A scientific approach to dairy farm decision-making

VictorVictor Cabrera isn’t an expert in cattle genomics or reproduction. He hasn’t spent a day in a lab running tests on the nutritional content of feed.  In fact, Cabrera, associate professor in the University of Wisconsin-Madison dairy science department, spends most of his time in front of a screen building economic modeling programs.

If you didn’t know better, you might think he was in the wrong department. But Cabrera is right where he belongs. He shares one crucial thing in common with the rest of the department’s faculty: He’s working to help farmers get more from their dairies.

“I do a lot of my research on a computer, making simulations where I try to put a dollar value on reproductive programs, or nutrition protocols, or the adoption of new advancements and see if it makes [financial] sense or not,” Cabrera explains.

The result is a suite of online programs that Cabrera offers for free on his Extension website (dairymgt.uwex.edu). These “decision support tools” evaluate the costs and potential benefits of just about any change a farmer might be considering. The site offers more than 50 such tools, with titles like “Grouping Strategies for Feeding Lactating Dairy Cattle,” or “Exploring Timing of Pregnancy Impact on Income Over Feed Cost.”

Those titles might bewilder those outside of dairy circles, but for farmers, the decision tools are roadmaps to best dairy practices.

“When we recruited Victor, we really wanted someone who could work with virtually everyone in the department to bring a science-based economic structure into the dairy farm decision process,” says Pamela Ruegg, dairy science professor and Extension milk quality specialist. And, she says, that’s exactly what he’s done, putting UW-Madison research into the day-to-day operations of a dairy.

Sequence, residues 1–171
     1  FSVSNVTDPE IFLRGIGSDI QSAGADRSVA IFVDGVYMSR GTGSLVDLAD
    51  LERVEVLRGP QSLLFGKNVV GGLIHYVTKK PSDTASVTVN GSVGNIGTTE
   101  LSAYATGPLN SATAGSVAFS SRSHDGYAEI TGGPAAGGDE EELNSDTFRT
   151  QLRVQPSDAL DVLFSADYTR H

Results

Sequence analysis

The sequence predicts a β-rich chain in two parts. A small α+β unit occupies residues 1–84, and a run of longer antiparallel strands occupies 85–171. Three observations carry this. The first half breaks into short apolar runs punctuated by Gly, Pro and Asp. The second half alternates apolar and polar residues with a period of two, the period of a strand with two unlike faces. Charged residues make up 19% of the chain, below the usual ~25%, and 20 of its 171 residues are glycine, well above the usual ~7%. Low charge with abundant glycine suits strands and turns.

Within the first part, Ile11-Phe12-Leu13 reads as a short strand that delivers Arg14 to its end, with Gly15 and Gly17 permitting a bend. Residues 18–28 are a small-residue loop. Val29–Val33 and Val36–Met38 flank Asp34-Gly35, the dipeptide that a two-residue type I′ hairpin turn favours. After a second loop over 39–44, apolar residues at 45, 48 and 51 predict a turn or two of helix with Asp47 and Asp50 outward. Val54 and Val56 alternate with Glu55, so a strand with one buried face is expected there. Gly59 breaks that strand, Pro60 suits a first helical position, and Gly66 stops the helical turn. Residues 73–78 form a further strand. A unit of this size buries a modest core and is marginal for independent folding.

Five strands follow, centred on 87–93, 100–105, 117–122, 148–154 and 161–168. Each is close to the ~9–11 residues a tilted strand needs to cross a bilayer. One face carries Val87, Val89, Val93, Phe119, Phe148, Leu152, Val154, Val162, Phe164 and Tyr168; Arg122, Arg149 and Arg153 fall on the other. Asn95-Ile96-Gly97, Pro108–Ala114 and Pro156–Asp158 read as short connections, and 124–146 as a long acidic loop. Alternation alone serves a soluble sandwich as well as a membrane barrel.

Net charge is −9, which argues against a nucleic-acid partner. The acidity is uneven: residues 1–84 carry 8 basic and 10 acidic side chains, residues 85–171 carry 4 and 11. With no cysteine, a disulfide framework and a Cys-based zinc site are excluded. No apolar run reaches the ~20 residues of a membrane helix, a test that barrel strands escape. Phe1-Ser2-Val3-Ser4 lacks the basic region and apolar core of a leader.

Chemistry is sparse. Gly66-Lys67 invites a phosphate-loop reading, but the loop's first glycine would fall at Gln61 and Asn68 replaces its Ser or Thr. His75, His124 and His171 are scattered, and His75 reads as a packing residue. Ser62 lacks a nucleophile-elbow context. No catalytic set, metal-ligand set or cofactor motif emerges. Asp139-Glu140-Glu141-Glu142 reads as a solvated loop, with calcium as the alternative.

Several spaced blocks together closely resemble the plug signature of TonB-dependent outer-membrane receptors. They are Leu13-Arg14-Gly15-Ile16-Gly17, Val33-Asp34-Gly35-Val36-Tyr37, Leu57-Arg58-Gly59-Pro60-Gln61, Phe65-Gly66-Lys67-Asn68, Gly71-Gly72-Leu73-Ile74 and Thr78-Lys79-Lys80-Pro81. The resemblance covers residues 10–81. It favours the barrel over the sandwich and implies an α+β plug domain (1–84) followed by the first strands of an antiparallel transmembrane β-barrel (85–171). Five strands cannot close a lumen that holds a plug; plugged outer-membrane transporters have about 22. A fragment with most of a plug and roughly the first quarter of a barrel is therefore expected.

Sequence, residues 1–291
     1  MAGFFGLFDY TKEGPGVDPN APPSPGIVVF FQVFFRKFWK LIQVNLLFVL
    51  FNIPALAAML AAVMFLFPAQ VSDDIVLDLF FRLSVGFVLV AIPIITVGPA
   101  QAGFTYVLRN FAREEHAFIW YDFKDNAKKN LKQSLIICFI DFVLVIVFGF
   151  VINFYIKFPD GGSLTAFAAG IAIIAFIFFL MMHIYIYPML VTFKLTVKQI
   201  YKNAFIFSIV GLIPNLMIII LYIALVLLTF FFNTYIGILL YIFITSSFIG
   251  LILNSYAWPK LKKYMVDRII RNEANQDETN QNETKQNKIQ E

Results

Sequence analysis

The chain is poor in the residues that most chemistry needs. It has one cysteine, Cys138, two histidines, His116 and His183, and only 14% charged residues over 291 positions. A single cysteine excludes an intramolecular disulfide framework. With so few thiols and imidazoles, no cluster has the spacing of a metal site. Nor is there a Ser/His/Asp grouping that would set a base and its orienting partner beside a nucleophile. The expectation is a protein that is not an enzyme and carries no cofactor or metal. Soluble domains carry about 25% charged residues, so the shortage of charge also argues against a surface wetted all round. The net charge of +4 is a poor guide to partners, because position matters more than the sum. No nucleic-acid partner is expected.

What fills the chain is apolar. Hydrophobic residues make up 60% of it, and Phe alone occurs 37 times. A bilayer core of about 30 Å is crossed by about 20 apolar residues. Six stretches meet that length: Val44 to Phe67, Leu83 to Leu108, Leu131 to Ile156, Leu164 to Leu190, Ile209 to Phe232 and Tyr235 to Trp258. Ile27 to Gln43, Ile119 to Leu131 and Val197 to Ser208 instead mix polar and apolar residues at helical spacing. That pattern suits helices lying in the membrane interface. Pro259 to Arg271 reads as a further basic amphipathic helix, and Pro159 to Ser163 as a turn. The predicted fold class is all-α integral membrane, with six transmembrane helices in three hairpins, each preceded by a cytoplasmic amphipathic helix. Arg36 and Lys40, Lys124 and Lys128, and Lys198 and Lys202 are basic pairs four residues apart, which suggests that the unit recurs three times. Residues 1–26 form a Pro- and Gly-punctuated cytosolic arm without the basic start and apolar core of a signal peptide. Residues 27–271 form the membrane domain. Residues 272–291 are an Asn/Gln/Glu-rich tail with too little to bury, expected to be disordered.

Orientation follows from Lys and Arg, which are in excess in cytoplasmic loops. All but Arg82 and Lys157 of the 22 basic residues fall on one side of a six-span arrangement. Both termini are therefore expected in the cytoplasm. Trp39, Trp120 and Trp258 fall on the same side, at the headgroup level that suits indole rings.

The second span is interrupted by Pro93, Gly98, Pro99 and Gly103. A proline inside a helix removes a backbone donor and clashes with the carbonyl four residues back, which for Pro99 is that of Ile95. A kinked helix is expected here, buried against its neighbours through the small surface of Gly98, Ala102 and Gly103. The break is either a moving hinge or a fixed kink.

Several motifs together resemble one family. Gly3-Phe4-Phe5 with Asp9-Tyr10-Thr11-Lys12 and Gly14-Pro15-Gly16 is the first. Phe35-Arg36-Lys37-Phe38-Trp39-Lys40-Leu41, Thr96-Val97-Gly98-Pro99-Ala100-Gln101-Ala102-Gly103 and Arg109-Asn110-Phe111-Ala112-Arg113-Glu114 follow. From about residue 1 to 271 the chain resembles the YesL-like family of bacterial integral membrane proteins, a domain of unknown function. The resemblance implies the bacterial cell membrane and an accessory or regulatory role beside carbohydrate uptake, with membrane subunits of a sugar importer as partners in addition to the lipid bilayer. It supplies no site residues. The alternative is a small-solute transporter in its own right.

That’s not to say it’s been easy. Changing the way things get done on a farm is a major undertaking, Cabrera says. Farmers are loath to tweak something they’ve been doing for decades if they’re not confident that it will improve profits and efficiency.

“Situations on the farm change constantly, and that means the ‘right’ decisions aren’t always the same,” Cabrera says. “My programs allow farmers to define their own conditions with their own data, making sure the resulting decision will fit their specific system.”

The idea of dairy farmers as computer modelers may seem like a stretch to some. But, in fact, it’s like all the other new technologies—like GPS-guided precision nutrient application or robotic milkers—that they’re adopting to cope with economic uncertainty and thin profit margins. And even if a farmer isn’t interested in Cabrera’s online tools, it’s likely that someone else—an extension agent, consultant, nutritionist or veterinarian—will use them to plan for that farm’s future.

In 2013, Cabrera’s simulations and models helped 1,300 different users each month, and that number is growing. That’s great for the dairy science department as well as the farmer, says department chair Kent Weigel, because it helps funnel new knowledge directly from the lab to the farm.

“If my research leads to a discovery in the area of dairy cattle genomics, I can publish the results in journal or show them at a scientific meeting and hope that someone takes the next steps,” Weigel says. “But if I collaborate with Victor, there is a pretty good chance my work will get used effectively and help improve the profitability of dairy farms.”

Since arriving in Madison six years ago as an assistant professor, Cabrera’s efforts to connect research with extension outreach have exceeded the goals that had been set for his position. Now, newly promoted to tenure status, he wants to help usher in the next big phase of online tools.

“Whether they completely embrace computers or not, farmers are using more data analysis and software on their farms,” Cabrera says. Most farm equipment comes with software installed these days, but none of the information that software generates is “centralized” to provide the big picture of the farm as a whole. “That should be something that changes,” he says. “It will all have to somehow be connected and, hopefully, my lab will help with that connection.”